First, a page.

Numerous status calls were made by the court and both sides engaged in extensive discovery by way of interrogatories. On November 1, 1984, after receiving permission to file after the deadline for dispositive motions, Wszelaki and Hanton joined by the City of Cleveland and its mayor moved for summary judgment. The extensively documented statement of reasons appears to have been directed primarily to the absence of any involvement by the individual defendants in the alleged misconduct and in the absence of any evidence, following discovery, that there was a coverup by the Chief or by Officer Wszelaki. Hanton and Wszelaki argued that they therefore were entitled to judgment as a matter of law for the failure of the plaintiffs to produce any evidence of liability or to rebut any evidence of nonliability which had been assembled in the course of discovery or was contained in affidavits attached to the motion. In an extensive opinion and order dated February 12, 1985, the court, having previously granted a motion for continuance of the scheduled December 1983 trial date, granted defense motions to dismiss plaintiff Robert Kennedy's claims brought under 42 U.S.C. §§ 1985 and 1986. The motions for summary judgment were denied as to the City of Cleveland, Hanton and Wszelaki based upon the court's examination of the entire record of the criminal proceedings against Robert Kennedy in the Cleveland Municipal Court7 and review of the written statements of many of the police officers and of the employees of the hospital, statements taken by Officers Romph and Wszelaki, and affidavits. As to Chief Hanton, the court concluded that "a trier of fact could find, based upon the materials presented, that the defendant Hanton was a party to the conspiracy." With respect to defendant Wszelaki, the trial judge saw the issue as a "consideration of whether evidence exists to support Kennedy's claim that the alleged post-assault cover-up conspiracy had as a goal the continued and unjustified prosecution of Kennedy as a countermeasure to Kennedy's brutality countercharge against officers of the police department." The court found that a trier of fact could reasonably conclude that "not only did a post-assault cover-up conspiracy exist, but that Wszelaki participated in the conspiracy."
After eight days of trial the judge on April 19, 1985, declared a mistrial based upon the court's determination from the evidence presented that the defense of both Chief Hanton and Officer Wszelaki could not be properly conducted by a single counsel in view of a conflict of interest between those two defendants. Following the mistrial, existing counsel continued in his representation of Chief Hanton but Officer Wszelaki thereafter obtained separate counsel and a further continuance of trial until October 7, 1985.
On September 24, 1985, Hanton, without requesting further permission to extend the earlier October 15, 1984, deadline for dispositive motions, filed what he characterized as a "supplemental" motion for summary judgment, raising a claim of qualified immunity and requesting a stay of proceedings under the then recently decided case of Mitchell v. Forsyth. This was followed with an addendum in which he also raised a claim of absolute immunity. On October 1, 1985, Wszelaki, now appearing by his own counsel but without obtaining specific permission, filed a motion for reconsideration of his previous motion for summary judgment. That motion also included claims of absolute and qualified immunity.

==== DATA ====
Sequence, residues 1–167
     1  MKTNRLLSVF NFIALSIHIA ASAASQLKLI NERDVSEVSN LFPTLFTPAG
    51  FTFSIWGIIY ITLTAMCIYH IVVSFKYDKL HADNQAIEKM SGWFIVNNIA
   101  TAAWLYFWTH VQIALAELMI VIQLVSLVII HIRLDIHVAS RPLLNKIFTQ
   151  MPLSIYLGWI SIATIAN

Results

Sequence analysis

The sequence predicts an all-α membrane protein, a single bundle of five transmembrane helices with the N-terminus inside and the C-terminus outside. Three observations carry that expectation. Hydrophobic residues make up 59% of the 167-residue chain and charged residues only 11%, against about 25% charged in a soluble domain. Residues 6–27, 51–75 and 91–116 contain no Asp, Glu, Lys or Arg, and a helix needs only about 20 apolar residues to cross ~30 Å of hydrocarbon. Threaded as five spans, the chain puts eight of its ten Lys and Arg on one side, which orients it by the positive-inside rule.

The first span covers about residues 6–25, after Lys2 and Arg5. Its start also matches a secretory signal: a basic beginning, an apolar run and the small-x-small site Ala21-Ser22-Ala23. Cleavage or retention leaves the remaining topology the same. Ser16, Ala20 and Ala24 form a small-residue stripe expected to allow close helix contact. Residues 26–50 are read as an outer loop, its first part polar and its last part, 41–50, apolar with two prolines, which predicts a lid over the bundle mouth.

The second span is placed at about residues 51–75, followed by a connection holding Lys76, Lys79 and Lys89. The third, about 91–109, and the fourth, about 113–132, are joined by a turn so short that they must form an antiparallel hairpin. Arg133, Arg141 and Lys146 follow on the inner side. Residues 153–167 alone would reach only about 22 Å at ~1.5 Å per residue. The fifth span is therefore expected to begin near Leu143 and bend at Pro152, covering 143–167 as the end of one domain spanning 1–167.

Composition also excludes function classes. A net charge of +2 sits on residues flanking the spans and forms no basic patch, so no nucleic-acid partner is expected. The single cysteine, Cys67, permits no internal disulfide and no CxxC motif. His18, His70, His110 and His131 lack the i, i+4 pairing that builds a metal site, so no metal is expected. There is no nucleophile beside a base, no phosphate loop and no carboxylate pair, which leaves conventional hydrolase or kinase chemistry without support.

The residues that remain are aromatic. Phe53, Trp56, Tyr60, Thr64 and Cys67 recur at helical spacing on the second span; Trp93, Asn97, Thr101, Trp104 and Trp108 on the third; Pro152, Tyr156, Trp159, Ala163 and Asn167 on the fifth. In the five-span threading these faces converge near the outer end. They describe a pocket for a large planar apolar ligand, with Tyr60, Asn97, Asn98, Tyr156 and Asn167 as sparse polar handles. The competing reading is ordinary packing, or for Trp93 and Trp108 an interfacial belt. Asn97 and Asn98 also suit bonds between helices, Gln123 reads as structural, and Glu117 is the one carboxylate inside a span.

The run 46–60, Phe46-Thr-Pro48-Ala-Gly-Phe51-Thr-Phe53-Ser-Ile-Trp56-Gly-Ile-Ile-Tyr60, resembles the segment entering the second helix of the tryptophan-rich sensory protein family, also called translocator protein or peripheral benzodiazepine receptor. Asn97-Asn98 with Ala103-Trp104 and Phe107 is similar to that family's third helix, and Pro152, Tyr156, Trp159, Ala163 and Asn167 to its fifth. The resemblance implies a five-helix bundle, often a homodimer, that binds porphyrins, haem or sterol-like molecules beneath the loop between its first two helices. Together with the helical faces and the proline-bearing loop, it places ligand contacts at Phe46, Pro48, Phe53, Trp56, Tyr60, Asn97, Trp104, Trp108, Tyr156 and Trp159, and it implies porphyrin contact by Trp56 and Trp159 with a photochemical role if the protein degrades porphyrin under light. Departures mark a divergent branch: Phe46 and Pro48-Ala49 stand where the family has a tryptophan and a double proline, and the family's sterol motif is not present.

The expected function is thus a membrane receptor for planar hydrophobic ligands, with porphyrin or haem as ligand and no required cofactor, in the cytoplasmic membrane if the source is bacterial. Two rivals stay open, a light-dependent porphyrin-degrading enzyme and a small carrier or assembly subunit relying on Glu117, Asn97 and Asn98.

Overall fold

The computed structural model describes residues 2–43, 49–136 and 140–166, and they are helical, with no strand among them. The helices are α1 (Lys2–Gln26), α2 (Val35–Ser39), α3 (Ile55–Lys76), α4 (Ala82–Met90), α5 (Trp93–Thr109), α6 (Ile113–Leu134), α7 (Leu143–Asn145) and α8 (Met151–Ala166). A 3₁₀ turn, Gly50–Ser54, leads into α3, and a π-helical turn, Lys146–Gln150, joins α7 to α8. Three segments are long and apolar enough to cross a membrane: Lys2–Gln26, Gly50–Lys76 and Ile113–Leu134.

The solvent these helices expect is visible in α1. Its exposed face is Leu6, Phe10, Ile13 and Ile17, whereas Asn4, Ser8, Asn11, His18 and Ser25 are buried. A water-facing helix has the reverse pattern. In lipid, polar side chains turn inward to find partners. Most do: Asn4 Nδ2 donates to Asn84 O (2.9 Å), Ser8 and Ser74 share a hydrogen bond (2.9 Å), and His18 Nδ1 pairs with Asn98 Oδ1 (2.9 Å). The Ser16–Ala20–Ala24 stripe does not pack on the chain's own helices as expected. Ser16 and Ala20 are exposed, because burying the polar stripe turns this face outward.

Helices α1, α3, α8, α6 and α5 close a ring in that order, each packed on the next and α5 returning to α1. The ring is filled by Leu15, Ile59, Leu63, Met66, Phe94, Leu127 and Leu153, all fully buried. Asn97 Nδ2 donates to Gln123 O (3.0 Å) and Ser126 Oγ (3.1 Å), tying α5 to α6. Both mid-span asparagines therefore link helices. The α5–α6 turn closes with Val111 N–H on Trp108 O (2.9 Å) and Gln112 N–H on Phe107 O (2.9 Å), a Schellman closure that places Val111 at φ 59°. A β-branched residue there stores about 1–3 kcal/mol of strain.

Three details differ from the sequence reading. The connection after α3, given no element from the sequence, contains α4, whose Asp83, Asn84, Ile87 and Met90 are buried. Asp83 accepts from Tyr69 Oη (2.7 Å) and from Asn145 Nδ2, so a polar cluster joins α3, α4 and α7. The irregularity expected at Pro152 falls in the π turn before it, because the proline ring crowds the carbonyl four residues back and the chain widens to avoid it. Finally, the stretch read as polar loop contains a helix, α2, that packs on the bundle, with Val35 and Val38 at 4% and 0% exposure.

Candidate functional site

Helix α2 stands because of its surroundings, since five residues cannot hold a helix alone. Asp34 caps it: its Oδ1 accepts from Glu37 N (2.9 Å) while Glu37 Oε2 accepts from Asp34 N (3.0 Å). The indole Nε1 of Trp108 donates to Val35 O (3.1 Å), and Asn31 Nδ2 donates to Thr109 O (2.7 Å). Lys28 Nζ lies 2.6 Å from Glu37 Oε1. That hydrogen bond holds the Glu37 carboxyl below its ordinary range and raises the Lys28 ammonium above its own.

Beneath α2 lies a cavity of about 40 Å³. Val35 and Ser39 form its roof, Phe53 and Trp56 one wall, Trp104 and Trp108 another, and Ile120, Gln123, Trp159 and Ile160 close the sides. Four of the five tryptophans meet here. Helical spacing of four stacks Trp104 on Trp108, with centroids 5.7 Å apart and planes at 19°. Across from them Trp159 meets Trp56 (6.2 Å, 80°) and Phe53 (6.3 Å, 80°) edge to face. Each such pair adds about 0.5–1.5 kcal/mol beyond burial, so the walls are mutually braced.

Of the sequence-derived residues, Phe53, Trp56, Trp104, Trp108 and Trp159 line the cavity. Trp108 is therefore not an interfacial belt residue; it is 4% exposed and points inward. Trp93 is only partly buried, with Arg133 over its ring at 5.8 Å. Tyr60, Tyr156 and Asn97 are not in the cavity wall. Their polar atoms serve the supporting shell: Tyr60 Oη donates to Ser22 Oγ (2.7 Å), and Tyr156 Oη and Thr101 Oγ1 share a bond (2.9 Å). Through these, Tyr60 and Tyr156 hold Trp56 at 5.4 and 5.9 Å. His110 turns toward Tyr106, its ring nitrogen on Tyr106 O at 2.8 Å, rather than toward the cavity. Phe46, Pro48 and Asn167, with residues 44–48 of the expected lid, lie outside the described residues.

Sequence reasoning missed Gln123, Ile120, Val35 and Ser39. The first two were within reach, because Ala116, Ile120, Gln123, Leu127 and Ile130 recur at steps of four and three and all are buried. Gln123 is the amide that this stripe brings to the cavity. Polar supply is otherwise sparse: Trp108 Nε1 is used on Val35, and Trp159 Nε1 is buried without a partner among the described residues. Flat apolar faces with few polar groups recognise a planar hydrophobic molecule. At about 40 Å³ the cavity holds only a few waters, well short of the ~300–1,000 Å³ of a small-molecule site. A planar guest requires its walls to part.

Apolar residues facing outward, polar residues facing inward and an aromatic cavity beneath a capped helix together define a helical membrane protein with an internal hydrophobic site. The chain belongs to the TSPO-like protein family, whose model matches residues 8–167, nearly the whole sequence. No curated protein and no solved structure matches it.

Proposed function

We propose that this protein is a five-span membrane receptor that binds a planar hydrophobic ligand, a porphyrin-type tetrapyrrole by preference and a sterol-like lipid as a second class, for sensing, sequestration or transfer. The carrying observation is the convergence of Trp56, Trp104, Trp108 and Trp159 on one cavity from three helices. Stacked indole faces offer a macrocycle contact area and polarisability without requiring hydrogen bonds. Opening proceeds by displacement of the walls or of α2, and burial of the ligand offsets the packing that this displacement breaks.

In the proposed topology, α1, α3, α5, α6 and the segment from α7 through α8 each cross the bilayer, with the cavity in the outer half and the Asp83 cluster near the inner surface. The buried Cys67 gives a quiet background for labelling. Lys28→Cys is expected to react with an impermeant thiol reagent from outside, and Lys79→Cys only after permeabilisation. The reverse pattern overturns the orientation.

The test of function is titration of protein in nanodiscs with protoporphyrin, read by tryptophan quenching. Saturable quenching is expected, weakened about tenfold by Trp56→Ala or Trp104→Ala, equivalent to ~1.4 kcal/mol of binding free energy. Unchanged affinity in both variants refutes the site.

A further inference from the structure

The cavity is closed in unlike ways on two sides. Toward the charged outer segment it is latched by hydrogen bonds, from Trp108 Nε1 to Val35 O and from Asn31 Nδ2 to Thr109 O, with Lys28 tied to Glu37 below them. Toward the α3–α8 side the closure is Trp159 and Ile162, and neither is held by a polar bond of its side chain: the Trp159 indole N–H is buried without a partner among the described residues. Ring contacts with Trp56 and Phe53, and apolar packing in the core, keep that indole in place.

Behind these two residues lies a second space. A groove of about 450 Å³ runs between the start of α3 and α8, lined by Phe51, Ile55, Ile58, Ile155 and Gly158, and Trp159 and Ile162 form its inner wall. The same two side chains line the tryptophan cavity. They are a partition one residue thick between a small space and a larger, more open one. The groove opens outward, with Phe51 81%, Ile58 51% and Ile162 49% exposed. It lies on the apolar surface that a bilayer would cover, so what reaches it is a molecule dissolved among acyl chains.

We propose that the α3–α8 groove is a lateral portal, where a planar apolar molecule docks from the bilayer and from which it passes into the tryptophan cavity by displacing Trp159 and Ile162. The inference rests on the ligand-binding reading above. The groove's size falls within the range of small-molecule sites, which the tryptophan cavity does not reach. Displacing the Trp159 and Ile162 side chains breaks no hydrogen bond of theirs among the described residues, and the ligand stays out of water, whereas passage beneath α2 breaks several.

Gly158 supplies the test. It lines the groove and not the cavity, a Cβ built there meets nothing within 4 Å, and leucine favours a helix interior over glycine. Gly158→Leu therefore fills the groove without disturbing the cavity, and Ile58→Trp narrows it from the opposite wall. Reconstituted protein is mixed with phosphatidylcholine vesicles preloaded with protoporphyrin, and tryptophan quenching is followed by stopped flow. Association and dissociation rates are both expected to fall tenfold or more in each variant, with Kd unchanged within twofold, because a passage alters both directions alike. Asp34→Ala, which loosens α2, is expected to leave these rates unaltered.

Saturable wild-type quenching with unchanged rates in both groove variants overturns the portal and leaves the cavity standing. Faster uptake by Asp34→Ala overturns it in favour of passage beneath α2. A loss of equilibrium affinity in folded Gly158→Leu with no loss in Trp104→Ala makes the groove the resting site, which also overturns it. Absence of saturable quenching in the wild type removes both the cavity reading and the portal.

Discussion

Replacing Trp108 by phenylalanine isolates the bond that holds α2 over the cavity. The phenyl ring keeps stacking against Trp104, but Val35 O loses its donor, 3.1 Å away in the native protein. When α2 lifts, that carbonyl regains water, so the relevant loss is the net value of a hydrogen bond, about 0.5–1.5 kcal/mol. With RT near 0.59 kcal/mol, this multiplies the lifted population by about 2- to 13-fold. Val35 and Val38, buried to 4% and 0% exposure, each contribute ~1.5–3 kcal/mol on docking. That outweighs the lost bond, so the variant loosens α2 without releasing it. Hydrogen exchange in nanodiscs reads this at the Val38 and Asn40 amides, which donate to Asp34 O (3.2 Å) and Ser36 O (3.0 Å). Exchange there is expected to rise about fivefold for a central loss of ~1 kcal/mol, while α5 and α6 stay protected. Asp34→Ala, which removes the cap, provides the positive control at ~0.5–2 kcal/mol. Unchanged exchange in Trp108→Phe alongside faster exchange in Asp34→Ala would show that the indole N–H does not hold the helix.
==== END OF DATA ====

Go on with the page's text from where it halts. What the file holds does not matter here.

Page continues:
Following a hearing, the district court, in an opinion dated October 2, 1985, rejected both motions finding no good cause for reconsideration of his February 12, 1985, order denying summary judgment.
It is plain that after the mistrial and before the case was set for a new trial, Hanton and Wszelaki both sought to take advantage of the ruling in Mitchell v. Forsyth, which had been forthcoming in the meantime, to seek an early decision on their claims of immunity. Obviously endeavoring to avoid the claim that his earlier motion for summary judgment had invoked the defense but that he had waived objection by failing to appeal, Hanton claimed that the original November 1, 1984, motion did not raise an immunity claim. The trial judge however struck the supplemental motion concluding that Hanton had on November 1, 1984, sought summary judgment based at least in part on immunity. While it is difficult to read this motion as a claim of immunity it is not impossible and, the trial judge, who had participated in the development of the claims and arguments in this case, so conceived it. Hanton's earlier motion did refer to Harlow v. Fitzgerald, 457 U.S. 800, 102 S. Ct. 2727, 73 L. Ed. 2d 396 (1982), at least in discussing the plaintiffs' failure to satisfy pleading requirements, and although he did not use the word immunity, he seems very clearly to have relied on Harlow's protection of qualified immunity, while stressing general absence of a showing of liability in any event. Moreover, counsel for Hanton had in his argument for the supplemental motion acknowledged that,
Your honor, I don't think that [the supplemental motion presents] any different underlying arguments. I think it is another view of saying the same arguments.... Now I believe the underlying arguments have been made all along, and we're simply clarifying them in the sense of pointing out that the Chief is entitled to qualified as well as absolute immunity on the basis of the arguments that have been made.